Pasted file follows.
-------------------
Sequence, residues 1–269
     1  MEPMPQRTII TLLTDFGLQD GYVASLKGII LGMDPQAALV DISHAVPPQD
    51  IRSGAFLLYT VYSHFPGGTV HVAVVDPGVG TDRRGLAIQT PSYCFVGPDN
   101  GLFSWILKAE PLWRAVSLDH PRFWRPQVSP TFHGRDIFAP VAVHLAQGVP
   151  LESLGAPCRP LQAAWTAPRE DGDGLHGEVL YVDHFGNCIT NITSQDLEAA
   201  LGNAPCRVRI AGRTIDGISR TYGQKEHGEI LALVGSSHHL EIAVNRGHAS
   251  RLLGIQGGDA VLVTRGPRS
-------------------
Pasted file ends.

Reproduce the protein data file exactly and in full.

Sequence, residues 1–269
     1  MEPMPQRTII TLLTDFGLQD GYVASLKGII LGMDPQAALV DISHAVPPQD
    51  IRSGAFLLYT VYSHFPGGTV HVAVVDPGVG TDRRGLAIQT PSYCFVGPDN
   101  GLFSWILKAE PLWRAVSLDH PRFWRPQVSP TFHGRDIFAP VAVHLAQGVP
   151  LESLGAPCRP LQAAWTAPRE DGDGLHGEVL YVDHFGNCIT NITSQDLEAA
   201  LGNAPCRVRI AGRTIDGISR TYGQKEHGEI LALVGSSHHL EIAVNRGHAS
   251  RLLGIQGGDA VLVTRGPRS